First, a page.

On our way out we were busy describing the plot of Idiocracy to Tucker Viemeister when his eyes drifted towards the ceiling. “It’s a shame we can’t get these guys some lightbulbs,” he said, as we followed his gaze to two burnt-out lights over the bar. Ah, the curse of the man who can do everything. Next to him was Mirko Ilic, forever cursed as the only man confident (European? crazy?) enough to take his shirt completely off while sunbathing in the lawn of the Joan B. Kroc Institute for Peace and Justice. We may have missed hearing Ilic speak, but it didn’t matter; he was pretty much presenting all weekend.

Finally, we got totally busted by our newest best friend Stefan Sagmeister who promised to bore us again and again with his deja vu-inducing presentation. We turned bright red and said that we didn’t think everyone felt that way, it was just that we happened to be at every single conference. “But so am I!” he laughed. Man, that Stefan Sagmeister is downright impossible not to look up to–and not just because he’s like seven feet tall.

So if Y was the question, what was the answer, you ask? Probably the most important thing we learned that when you Ask a Ninja (and believe us, we did), the answer is most likely going to be “Thomas Kinkade.” See you next year.

More Y Conference coverage.

Starbucks Global CD Stanley Hainsworth Says He Hasn’t Seen the Starbucks In Idiocracy

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At the final session of the Y Conference, it was a Best Hair showdown: Tucker Viemeister vs. Stanley Hainsworth. We dunno but we’re gonna give it to Hainsworth for his rad super spiky ‘do (twice as long as the photo to the right). You can tell he works at Starbucks just by looking at him. His hair just had a double espresso.

Global Creative Director Hainsworth talked about Starbucks culture, branding and projects like their tie-in with the film Akeelah and the Bee. And he did it all through the voices and opinions of Starbucks fan sites, reviews (good and bad) and pop culture references. He even cut a reel together of Starbucks as seen in movies. But one thing he didn’t mention was the Starbucks portrayal in our favorite future brand experience, Idiocracy, so we asked him about it during the Q&A. He claimed he had never seen it, and that he doubted Starbucks had enough power to get the movie yanked from theaters (that was the rumors we heard). We offered to show it to him, we even had Armin’s article cued up on our trusty laptop. But he said he’d look at it later.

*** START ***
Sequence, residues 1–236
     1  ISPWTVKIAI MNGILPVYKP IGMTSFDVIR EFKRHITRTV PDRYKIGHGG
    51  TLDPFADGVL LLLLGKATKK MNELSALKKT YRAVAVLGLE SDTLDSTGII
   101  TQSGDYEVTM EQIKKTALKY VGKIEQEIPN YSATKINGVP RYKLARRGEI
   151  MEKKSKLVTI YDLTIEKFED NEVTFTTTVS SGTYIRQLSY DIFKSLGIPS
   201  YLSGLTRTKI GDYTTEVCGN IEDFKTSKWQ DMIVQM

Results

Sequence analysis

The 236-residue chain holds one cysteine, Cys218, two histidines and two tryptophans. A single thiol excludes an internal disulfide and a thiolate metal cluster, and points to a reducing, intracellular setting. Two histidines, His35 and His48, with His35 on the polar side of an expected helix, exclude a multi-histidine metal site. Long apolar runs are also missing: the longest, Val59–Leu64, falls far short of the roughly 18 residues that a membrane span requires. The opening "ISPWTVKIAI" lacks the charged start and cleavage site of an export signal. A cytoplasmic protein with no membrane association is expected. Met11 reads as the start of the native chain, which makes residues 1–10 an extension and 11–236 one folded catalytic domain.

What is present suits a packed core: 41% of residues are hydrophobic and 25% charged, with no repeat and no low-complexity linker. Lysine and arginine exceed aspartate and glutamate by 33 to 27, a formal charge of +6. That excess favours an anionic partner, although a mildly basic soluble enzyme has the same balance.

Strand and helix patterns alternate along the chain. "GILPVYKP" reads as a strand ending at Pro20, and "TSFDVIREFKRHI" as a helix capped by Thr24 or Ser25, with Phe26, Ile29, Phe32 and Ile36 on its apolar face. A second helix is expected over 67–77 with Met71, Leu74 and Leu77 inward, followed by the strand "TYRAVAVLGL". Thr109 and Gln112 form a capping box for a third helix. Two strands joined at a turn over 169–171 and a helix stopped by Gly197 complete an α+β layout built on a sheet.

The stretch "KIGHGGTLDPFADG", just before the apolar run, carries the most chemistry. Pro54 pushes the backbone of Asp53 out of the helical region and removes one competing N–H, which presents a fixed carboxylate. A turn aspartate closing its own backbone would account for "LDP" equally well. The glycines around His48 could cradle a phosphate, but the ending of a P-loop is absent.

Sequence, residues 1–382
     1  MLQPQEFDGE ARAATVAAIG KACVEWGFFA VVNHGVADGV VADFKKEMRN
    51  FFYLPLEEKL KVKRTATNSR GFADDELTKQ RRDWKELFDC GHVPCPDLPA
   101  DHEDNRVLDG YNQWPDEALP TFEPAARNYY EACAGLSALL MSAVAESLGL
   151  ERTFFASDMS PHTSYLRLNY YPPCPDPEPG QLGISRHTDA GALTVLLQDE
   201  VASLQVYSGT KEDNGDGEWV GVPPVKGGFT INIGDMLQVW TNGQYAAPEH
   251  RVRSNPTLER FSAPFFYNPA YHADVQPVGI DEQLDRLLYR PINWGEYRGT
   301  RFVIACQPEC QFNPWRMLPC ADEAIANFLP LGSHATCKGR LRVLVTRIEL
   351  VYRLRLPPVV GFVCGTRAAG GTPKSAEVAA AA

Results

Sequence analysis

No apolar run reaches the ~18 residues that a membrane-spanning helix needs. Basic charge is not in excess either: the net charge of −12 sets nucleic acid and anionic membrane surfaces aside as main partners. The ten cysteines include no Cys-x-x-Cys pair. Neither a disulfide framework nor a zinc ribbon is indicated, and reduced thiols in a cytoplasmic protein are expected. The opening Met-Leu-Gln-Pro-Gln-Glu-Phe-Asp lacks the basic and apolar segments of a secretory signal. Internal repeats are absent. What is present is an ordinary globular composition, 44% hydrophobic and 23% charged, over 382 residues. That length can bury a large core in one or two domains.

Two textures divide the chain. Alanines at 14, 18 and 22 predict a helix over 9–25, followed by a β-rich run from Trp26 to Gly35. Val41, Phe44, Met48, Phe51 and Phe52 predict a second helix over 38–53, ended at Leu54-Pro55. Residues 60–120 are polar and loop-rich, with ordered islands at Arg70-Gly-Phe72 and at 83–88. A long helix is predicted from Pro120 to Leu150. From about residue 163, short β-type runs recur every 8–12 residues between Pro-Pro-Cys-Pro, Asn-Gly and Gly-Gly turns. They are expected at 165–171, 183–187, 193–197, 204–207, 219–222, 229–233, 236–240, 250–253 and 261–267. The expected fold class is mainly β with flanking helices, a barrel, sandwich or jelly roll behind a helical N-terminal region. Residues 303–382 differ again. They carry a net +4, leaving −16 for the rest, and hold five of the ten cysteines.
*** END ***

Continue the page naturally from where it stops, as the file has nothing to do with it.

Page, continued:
Tucker Viemeister Covers Everything

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Apparently Tucker Viemeister has been stricken with a terrible affliction: The Curse of Being Able to do Everything. His dad, legendary industrial designer Read Viemeister could also do anything (“And not just because he’s my dad,” he said). And yes, Tucker is named after the car–which his dad worked on. No pressure, right?

At his latest gig at Studio Red at the Rockwell Group (named for the soda, not that other RED) they’re working on everything from a frightening-sounding Coca-Cola Wellness Center to the Coke Cruiser, which is like an ice cream truck on a Segway. He says working at the Rockwell Group is like being in the Village People. We bet David Rockwell is the cop.

But back to being cursed. Le Corbusier was cursed. Da Vinci was cursed. Hitler was especially cursed, says Viemeister–he was a brilliant designer of SS uniforms, a Volkswagen, imposing architecture, and of course that pretty effective logo–but he was also cursed in a different way.

Viemiester himself has been single-handedly cursed by literally “good design”: he did the OXO Good Grips and can’t live it down. So what does a cursed man do? Choose “multi” over “total”. Take chances, for more choices. Cross-pollinate. And so, from the man who can do everything, a really good new idea:

We don’t have any good rituals for Martin Luther King Day, he says. So on January 15, eat lunch with someone from another race. The civil rights movement was all about integrating lunch counters and lunch with anyone is a good thing.

Viemeister also wins Best Designed Presentation for the conference, with slides that zipped by with continuity that made us feel like we were swooping through an IMAX-sized screen. He’s currently tied with Stanley Hainsworth for Best Hair.